Begich Debunks Health Care “Rationing” Myth
Freshmen speeches focused on myth-busting this week
The idea that health care will be rationed under health insurance reform is a myth and a scare tactic that belongs in the soup lines of the Great Depression. That was the message from U.S. Sen. Mark Begich today who joined his freshmen Democratic colleagues in their weekly Senate floor speeches on the importance of reforming the broken health insurance system.
This week's speeches focused on the need to debunk the myths spread by opponents of health insurance reform.
"Is there anything more cynical than that? Telling Americans that their health care will be rationed because of reform?" Begich asked in his speech. "That they'll get less care when Congress and the President finally take action. The defenders of the status quo ought to be embarrassed. They know the opposite is true. More Americans will have access to more care when reforms are finally adopted."
Begich said rationing is not a roadblock waiting down the road, but rather for the vast majority of Americans it's happening right now. He cited Census Bureau statistics that showed at the beginning of the year 123,000 Alaskans were uninsured. And by last month, that number had risen to 133,000 - 10,000 more Alaskans "rationed" out of their coverage.
"In Alaska and in every state, people are losing their coverage for a variety of reasons. Perhaps they can no longer pay the skyrocketing premiums, or maybe their employers can no longer afford coverage," Begich said. "Or they are rationed out of the system because they have to switch jobs, then when they apply for new insurance they are disqualified because of a pre-existing condition."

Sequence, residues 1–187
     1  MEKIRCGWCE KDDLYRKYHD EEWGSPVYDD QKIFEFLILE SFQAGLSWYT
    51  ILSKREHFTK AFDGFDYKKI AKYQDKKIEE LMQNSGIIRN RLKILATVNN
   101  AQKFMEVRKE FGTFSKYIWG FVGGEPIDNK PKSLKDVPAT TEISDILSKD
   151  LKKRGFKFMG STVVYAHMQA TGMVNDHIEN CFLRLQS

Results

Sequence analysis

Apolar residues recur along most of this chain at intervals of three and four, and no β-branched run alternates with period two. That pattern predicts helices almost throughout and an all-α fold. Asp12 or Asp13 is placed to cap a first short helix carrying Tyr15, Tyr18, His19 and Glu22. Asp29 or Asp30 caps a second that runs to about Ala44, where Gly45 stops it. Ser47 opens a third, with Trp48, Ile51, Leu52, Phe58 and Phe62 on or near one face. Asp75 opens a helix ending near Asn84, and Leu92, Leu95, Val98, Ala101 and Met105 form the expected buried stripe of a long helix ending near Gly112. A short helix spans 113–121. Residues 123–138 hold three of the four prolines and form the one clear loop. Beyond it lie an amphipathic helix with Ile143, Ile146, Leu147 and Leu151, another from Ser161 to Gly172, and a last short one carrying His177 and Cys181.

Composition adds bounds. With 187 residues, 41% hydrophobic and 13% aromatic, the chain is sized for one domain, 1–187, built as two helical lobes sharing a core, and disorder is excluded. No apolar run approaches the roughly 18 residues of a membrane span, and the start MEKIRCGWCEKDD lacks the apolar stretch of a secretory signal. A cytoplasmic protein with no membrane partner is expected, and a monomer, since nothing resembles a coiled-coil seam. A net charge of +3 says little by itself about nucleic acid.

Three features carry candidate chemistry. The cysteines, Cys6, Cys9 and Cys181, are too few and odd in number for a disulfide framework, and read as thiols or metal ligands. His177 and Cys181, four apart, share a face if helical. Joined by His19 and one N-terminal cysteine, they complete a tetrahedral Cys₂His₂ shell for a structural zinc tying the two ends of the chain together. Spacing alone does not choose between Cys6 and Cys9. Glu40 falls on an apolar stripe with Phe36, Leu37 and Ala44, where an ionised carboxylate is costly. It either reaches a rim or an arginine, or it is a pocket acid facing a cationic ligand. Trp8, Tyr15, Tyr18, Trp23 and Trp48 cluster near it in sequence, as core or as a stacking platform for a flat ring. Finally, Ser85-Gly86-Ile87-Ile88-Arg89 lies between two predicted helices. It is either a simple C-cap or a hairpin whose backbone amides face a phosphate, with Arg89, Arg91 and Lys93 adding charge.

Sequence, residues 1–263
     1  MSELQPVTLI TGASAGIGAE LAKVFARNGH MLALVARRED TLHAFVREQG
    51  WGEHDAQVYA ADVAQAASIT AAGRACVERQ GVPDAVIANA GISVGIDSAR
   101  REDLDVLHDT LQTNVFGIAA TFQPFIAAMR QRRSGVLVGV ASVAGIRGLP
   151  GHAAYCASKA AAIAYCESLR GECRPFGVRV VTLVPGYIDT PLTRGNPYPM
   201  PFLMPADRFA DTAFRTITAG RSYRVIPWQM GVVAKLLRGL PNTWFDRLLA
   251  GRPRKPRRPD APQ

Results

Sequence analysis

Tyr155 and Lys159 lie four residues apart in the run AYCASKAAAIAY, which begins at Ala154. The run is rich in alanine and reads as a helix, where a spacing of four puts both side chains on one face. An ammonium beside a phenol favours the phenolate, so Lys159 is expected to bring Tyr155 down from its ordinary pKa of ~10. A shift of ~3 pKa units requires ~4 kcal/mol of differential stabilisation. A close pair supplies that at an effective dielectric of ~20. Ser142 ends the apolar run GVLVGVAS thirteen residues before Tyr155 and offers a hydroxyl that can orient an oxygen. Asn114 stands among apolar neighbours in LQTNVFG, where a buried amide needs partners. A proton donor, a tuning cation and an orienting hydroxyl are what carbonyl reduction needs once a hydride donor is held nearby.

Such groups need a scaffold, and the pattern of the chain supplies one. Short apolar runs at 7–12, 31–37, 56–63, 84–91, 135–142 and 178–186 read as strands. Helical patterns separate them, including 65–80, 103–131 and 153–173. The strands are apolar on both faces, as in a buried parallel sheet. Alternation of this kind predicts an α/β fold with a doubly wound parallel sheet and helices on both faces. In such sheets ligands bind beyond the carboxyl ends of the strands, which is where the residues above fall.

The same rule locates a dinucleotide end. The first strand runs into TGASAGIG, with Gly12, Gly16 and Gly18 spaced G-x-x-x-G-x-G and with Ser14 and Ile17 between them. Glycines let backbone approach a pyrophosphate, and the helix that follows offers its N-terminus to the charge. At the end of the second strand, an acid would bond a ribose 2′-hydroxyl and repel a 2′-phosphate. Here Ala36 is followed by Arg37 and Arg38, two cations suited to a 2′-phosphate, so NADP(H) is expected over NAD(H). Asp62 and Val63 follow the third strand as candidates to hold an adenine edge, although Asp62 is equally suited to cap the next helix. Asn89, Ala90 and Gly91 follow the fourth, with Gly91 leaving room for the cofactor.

Begich said other causes of the 14,000 Americans who lose insurance everyday are the annual insurance company caps being so low that people get sick and hit the limit early; and, even more outrageous, where insurance companies revoke coverage through a practice called rescission - revoking coverage for a variety of reasons insurance companies come up with.
A report by the House Ways and Means Committee says insurance companies saved themselves $300 million over five years through the practice of rescission.
"Let's put the word "rationing" into its proper context," Begich said. "It's the status quo and the insurance industry is making lots of money because of it."
Begich said with reform, Americans will see significant improvements in the health insurance system including:
- Insurance companies will no longer be able to deny coverage because of pre-existing conditions;
- Stopping insurance companies from setting low annual or lifetime caps and refusing to pay for care after that;
- Americans will have more choices by creating health insurance exchanges;
- Insurance companies and Medicare will be required to pay for more preventive care so people can get regular checkups and screenings.
Sen. Begich's speech is available on his YouTube page.